It’s hard to believe we’re three months in to 2018 already. Time is flying.
We headed to New Orleans for my birthday weekend. My best friend booked a ticket to The Big Easy to join in on the fun. I don’t actually recall when we’ve ever traveled anywhere together aside from family trips, so it seemed like a first for us!
My trip to New Orleans followed on the heels of another whirlwind work trip. My race trips seem to do that more often now. Traveling hasn’t worn on me yet, but the time zone switches and the long stretches on airplanes sure do a number on my body. I spent about 48 hours in Seattle and then headed back to Denver for 12 hours. Then, we boarded our flight to New Orleans and landed at 10am on Saturday morning. We picked up our rental car and headed straight away to the expo!
Ever since the start of the year, I had been wanting to do a full marathon. Arizona had a 7-hour cutoff, but I was unable to put in the training because I came down with something. Then, I was pretty much out of commission in between Rock n Roll Arizona and most of February because of my multiple colds and ear infection. By the time March rolled around, Rock n Roll New Orleans also promised a 7-hour cutoff but I had just enough training on my legs for a half.
The thing about a full marathon is that you can’t cheat the distance. What I mean is that you’re either ready for the distance or you’re not. Being nervous about the race is one thing. Being unsure of your level of preparation is another.
33 hadn’t felt all too impressive to me. When I think back to what I’ve done in the last year, I couldn’t think of anything all that amazing. I guess I had bought a house, and that I finished the Rock n Roll Marathon Series Hall of Fame, but I still wanted something amazing to close out my year. And what I wanted was a marathon. I wanted redemption for such a poor experience at Rock n Roll San Antonio because I was still really upset by that finish. Some people would have felt proud or courageous, but I still feel pretty demoralized.
I waffled a lot on my decision whether or not to run the full or the half. I openly waffled on it, which was probably a signal that I should do the half. As I was looking for consolation, justification, or really just emotional support, what I really got was something along the line of “well, you nearly got swept at San Antonio, and you actually prepared for that, so…” So I lost it on the expo floor. San Antonio was an awful race — emotionally and physically. I was finally getting over being sick for…well, forever. If I had to be completely honest, February was a really awful and shitty month. I was hoping for a redemptive birthday weekend. I was looking forward to this being a kickoff to an amazing year ahead. Instead, all I got was this.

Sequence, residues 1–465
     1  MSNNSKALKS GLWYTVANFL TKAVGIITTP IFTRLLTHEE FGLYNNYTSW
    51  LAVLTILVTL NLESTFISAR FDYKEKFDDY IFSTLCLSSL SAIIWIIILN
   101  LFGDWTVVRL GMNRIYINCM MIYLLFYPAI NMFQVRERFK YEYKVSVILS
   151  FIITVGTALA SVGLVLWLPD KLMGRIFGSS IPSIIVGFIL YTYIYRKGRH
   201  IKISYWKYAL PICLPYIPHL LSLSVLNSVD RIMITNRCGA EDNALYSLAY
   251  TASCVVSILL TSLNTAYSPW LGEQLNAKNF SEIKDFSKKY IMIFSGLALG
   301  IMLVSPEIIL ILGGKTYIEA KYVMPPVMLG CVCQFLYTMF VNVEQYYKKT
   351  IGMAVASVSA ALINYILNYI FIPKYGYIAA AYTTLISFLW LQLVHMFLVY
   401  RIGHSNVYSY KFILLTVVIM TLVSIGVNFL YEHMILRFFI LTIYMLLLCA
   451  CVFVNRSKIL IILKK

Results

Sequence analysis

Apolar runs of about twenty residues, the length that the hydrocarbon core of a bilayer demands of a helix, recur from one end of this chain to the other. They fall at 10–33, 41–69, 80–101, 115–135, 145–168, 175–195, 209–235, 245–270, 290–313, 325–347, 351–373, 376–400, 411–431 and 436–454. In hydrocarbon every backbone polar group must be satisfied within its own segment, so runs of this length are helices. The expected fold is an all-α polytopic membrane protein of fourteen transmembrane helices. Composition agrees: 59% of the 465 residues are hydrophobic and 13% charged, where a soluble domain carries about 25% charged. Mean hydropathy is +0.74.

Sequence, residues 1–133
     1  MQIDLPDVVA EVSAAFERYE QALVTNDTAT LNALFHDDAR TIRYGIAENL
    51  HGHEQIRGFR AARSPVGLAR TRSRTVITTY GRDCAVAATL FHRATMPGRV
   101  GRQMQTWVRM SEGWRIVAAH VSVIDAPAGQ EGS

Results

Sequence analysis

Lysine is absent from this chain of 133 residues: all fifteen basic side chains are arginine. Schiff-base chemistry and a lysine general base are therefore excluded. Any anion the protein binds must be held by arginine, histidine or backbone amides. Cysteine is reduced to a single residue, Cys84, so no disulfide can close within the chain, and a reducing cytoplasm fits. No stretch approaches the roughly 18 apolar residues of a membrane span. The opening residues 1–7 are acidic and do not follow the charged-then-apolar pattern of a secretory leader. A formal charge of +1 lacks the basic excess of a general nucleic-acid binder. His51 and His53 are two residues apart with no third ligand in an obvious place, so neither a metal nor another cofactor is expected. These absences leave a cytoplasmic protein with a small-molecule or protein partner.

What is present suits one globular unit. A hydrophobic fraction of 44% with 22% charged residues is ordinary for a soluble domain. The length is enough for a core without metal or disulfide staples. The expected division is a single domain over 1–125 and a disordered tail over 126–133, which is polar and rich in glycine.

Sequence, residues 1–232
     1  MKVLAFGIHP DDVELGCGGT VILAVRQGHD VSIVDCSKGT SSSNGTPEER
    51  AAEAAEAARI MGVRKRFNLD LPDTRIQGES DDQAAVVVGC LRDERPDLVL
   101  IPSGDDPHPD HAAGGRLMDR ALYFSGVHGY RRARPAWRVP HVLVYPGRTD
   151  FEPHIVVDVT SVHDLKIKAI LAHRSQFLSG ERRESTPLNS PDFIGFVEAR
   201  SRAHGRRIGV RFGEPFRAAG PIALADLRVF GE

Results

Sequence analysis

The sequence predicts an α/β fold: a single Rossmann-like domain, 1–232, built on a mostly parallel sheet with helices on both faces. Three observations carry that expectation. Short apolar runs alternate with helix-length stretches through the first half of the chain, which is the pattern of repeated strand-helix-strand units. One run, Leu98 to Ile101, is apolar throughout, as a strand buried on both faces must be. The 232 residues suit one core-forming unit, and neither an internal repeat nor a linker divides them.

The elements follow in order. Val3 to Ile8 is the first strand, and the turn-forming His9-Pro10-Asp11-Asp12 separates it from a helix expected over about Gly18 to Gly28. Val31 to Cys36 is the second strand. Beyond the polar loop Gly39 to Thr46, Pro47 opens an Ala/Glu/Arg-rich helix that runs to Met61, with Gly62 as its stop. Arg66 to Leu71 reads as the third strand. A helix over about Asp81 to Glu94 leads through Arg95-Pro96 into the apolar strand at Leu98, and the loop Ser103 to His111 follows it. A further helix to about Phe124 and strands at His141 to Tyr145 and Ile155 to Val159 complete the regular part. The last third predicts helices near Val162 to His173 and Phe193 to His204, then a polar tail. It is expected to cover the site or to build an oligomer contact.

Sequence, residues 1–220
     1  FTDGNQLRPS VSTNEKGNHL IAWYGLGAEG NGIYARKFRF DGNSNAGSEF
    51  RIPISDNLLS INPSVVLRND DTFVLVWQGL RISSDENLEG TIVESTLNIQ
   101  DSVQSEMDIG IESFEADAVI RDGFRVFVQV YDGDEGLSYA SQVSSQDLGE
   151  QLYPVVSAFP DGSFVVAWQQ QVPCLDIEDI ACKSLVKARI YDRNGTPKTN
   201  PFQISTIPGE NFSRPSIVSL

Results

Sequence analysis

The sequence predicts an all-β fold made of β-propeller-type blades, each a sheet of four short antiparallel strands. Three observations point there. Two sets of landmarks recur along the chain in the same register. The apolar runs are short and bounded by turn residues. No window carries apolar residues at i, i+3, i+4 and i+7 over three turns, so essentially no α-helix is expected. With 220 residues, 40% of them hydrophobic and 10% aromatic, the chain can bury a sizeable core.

The statement had completely taken the wind out of my sails. I tried not to let it hurt me, but it did. And I tried not to let it consume my race, but it did.
I think there comes a point in every runner’s career when they realize that they will ultimately have to put the work in, and they will have to do it alone. It’s not necessarily a bad or depressing thing. Setting up your own goals, keeping them personal to you, putting in the work, and accomplishing them is a very rewarding thing. Sometimes sharing your journey is a good thing. Sometimes sharing it can backfire. And I try not to let other people’s words affect me too much, but every once in awhile the vulnerability peeks through. Sometimes the people whose words matter most can never say exactly what it is you want to hear.